Interactor: an entity that interacts as a cohesive whole with its environment in such a way that this interaction causes replication to be differential. Continue reading “Roles in Cultural Selection: Replicators, Interactors, and Beneficiaries, or, Where’s the Memes?”

In Search of the Wild Replicator

The key to the treasure is the treasure.
– John Barth

In view of Sean’s post about Andrew Smith’s take on linguistic replicators I’ve decided to repost this rather longish note from New Savanna. I’d orignally posted it in the Summer of 2010 as part of a run-up to a post on cultural evolution for the National Humanities Center (USA); I’ve collected those notes into a downloadable PDF. Among other things the notes deal with William Croft’s notions (at least as they existed in 2000) and suggests that we’ll find language replicators on the emic side of the emic/etic distinction.

I’ve also appended some remarks I made to John Lawler in the subsequent discussion at New Savanna.

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There’s been a fair amount of work done on language from an evolutionary point of view, which is not surprising, as historical linguistics has well-developed treatments of language lineages and taxonomy, the “stuff” of large-scale evolutionary investigation. While this work is directly relevant to a consideration of cultural evolution, however, I will not be reviewing or discussing it. For it doesn’t deal with the theoretical issues that most concern me in these posts, namely, a conceptualization of the genetic and phenotypic entities of culture. This literature is empirically oriented in a way that doesn’t depend on such matters.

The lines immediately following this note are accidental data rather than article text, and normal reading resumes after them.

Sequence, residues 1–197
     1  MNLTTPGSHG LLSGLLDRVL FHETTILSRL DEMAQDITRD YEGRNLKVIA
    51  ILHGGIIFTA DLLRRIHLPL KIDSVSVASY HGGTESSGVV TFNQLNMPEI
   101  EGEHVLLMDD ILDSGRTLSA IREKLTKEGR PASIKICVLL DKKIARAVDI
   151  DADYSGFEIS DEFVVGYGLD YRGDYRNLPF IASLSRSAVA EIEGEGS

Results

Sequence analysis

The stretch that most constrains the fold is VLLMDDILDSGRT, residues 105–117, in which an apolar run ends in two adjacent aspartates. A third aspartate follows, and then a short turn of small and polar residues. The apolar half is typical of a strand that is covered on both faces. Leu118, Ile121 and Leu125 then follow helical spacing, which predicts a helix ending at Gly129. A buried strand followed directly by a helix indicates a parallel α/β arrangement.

The Arbitrariness of the Sign

In particular, I want to deal with the arbitrariness of the sign. Given my approach to memes, that arbitrariness would appear to eliminate the possibility that word meanings could have memetic status. For, as you may recall, I’ve defined memes to be perceptual properties – albeit sometimes very complex and abstract ones – of physical things and events. Memes can be defined over speech sounds, language gestures, or printed words, but not over the meanings of words. Note that by “meaning” I mean the mental or neural event that is the meaning of the word, what Saussure called the signified. I don’t mean the referent of the word, which, in many cases, but by no means all, would have perceptible physical properties. I mean the meaning, the mental event. In this conception, it would seem that that cannot be memetic.

That seems right to me. Language is different from music and drawing and painting and sculpture and dance, it plays a different role in human society and culture. On that basis one would expect it to come out fundamentally different on a memetic analysis.

This, of course, leaves us with a problem. If word meaning is not memetic, then how is it that we can use language to communicate, and very effectively over a wide range of cases? Not only language, of course, but everything that depends on language. Continue reading “In Search of the Wild Replicator”